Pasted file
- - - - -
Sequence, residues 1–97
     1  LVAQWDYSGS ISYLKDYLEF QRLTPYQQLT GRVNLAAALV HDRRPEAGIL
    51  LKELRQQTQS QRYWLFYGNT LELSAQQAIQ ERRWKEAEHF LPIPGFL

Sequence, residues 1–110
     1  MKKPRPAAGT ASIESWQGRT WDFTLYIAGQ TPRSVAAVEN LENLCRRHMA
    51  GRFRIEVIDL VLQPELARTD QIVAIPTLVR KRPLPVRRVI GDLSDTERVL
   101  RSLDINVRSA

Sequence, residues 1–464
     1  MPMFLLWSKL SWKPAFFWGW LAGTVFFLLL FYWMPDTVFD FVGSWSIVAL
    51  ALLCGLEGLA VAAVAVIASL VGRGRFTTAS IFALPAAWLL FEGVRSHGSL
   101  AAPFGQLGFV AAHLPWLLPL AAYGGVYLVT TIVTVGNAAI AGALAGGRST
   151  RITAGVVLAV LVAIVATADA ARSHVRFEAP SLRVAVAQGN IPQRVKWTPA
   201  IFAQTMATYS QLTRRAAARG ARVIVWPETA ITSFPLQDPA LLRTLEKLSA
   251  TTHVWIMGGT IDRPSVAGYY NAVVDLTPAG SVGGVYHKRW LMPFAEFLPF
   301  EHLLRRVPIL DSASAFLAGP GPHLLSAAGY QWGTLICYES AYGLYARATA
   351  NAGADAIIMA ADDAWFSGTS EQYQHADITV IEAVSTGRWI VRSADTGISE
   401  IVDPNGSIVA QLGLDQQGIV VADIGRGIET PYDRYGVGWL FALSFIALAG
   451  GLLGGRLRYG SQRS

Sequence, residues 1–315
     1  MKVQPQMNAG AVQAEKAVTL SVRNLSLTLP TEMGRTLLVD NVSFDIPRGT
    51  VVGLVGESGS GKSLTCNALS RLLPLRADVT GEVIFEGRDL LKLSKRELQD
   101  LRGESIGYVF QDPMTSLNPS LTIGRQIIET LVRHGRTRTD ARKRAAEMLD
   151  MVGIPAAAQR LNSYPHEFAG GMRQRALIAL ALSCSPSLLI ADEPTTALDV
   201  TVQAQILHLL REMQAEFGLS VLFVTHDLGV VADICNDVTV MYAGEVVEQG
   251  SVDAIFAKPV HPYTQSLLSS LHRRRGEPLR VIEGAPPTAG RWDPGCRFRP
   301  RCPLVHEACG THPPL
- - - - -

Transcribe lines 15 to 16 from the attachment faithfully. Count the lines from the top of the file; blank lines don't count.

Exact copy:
   301  EHLLRRVPIL DSASAFLAGP GPHLLSAAGY QWGTLICYES AYGLYARATA
   351  NAGADAIIMA ADDAWFSGTS EQYQHADITV IEAVSTGRWI VRSADTGISE